I see you at the school bus stop, and, frankly, you look frazzled. Like you’ve got too many things on your mind, too many things to do, too much on your plate before the kids are home for the holiday break. Too many places to be at once, too many recitals, too many parties and too many get-togethers.
Too much shopping to finish. Too much decorating to do. Too much to juggle this holiday season.
And I know you don’t want to complain. You don’t want to seem like a scrooge. So you smile and tell me you’re “ready” for the holidays, when really, you’ve got a load of wet snowpants making a racket in the dryer, and you can’t find the vanilla for the cookies you’d planned to make tonight. You know, after you finish hunting down photos and cotton balls (a.k.a “snow”) for the “surprise” holiday craft the kids are making for you at school.
You thought you’d surprise them back by decorating the pine tree out front, only to discover that the 1,000 lights you ran out to buy during the kids’ basketball practice pretty much covers 1/8 of the stinkin’ tree. So you stand outside in the freezing rain, staring at the neighbor’s elaborate selection of decorations, and wonder why you’d even bothered at all.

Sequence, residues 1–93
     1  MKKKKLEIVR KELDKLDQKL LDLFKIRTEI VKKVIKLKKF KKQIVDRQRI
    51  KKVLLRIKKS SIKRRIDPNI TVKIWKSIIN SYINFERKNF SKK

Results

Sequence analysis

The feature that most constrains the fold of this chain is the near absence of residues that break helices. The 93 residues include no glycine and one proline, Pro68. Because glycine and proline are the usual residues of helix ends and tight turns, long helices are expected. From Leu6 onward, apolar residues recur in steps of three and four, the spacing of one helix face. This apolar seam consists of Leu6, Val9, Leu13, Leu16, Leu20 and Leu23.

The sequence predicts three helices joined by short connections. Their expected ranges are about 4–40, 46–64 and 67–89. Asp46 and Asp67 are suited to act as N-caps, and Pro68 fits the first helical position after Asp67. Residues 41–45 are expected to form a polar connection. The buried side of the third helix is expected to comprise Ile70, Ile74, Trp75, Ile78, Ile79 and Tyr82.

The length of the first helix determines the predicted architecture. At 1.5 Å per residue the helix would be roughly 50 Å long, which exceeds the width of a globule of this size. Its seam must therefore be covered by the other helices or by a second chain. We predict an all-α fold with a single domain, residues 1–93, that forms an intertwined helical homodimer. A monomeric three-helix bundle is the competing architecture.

You try to remind yourself that the kids won’t be kids that much longer. You remember that they’ll leave you soon enough, and then you’ll have to share the holidays with their in-laws. And you’ll miss them. You truly will. And you’ll miss what the holidays were like when they lived at home. But your previously wet hat is frozen solid now, and you have to go pick the kids up at basketball.
Yet, as you’re leaving your driveway, you see something that lifts your spirit…
And for a moment, you realize how pretty this time of year can be, and now grateful you are to have family and friends to celebrate the holidays with again this year. As you pull out the camera you keep in your purse, just in case, and snap this photo, you think about what a pretty holiday card it would be.
Then you remember that you forgot to order holiday cards and you’re out of stamps anyhow. Plus, you’re late for basketball pick-up, and you’ve got no time to stop for vanilla. And then I see you at the school bus stop, and you smile and wish me a happy holiday. I smile back and wish you a happy new year, before we both head to our houses to get scratch something off our to-do lists.